Alexandre Trilla, PhD - Data Scientist | home publications


-- Thoughts on data analysis, software development and innovation management. Comments are welcome

Post 56

Multi-class Logistic Regression in Machine Learning (revisited)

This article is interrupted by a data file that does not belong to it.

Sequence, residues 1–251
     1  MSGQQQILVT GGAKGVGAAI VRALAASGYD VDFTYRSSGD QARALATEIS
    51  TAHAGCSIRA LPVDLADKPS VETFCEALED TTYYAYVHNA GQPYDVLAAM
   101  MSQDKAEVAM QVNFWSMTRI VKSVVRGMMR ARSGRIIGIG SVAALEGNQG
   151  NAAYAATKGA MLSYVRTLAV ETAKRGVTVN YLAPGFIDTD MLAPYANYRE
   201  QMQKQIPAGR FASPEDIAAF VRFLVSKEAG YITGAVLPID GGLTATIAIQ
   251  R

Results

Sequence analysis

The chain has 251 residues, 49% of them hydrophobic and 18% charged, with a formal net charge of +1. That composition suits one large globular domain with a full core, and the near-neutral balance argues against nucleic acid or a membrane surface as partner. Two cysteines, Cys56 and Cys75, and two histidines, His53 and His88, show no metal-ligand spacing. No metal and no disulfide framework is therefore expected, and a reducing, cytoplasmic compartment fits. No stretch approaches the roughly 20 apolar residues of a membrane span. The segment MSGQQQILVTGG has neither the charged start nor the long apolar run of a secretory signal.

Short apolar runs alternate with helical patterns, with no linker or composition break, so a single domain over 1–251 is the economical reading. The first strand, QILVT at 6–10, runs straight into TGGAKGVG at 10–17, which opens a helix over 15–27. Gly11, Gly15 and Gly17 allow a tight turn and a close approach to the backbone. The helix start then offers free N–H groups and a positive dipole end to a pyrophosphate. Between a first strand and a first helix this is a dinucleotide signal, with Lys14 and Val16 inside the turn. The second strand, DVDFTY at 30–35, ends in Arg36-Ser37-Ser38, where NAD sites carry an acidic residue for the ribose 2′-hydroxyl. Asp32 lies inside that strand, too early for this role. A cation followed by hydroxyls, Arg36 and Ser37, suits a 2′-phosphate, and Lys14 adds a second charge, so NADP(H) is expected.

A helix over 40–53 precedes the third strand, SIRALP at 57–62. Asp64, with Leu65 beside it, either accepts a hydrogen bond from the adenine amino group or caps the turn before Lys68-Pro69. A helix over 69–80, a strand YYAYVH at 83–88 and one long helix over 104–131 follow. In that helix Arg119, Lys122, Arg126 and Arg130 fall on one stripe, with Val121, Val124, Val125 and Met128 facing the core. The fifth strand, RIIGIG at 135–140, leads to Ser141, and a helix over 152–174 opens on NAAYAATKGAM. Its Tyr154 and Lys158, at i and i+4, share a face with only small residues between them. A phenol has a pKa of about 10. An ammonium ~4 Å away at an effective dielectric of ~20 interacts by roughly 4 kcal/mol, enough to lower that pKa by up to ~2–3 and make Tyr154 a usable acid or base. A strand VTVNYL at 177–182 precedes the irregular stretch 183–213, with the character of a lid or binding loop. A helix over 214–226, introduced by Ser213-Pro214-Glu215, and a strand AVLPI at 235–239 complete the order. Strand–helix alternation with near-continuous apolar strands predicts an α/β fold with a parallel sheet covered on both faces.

In my former post about Multi-class Logistic Regression in ML (see Post 55), I questioned the ml-class about using a multi-class generalisation strategy, i.e., the One-Versus-All (OVA), with a plain dichotomic Logistic Regression classifier when there's a more concise multi-class model, i.e., the Multinomial Logistic Regression (MLR), that is already of extensive use in ML. I foolishly concluded (to err is human) that using OVA should be due to higher effectiveness issues, assuming that my MLR optimisation implementation based on batch Gradient Descent was directly comparable to the one provided in class, which is based on an advanced optimisation procedure, "with steroids", such as Conjugate Gradient or L-BFGS. Specifically, the course provides a method based on the Polack-Ribiere gradient search technique, which uses first and second order derivatives to determine the search direction, and the Wolfe-Powell conditions, which lead to fast minimisation of the criterion function, altogether suited for efficiently dealing with a large number of parameters. But as Prof. Ng remarked in a previous lecture, the optimisation procedure has a notable impact on the final fitting of the model wrt the training data, and this definitely makes the difference. I have recoded the MLR with the parameter unrolling method shown this week in order to interface with the same advanced optimisation method (available here), so the results are now truly directly comparable. The MLR yields an effectiveness of 95.22% in 99.58 seconds, which makes it 0.2% more effective and 10.91 times faster than OVA-LR. Therefore, the class-wise parameter dependence in the MLR predictions provides an overall much faster to train and slightly better classifier than OVA-LR, for this problem. Nevertheless, the question wrt which strategy is preferable still remains open because other multi-class strategies such as Pairwise classification are yet to be studied.

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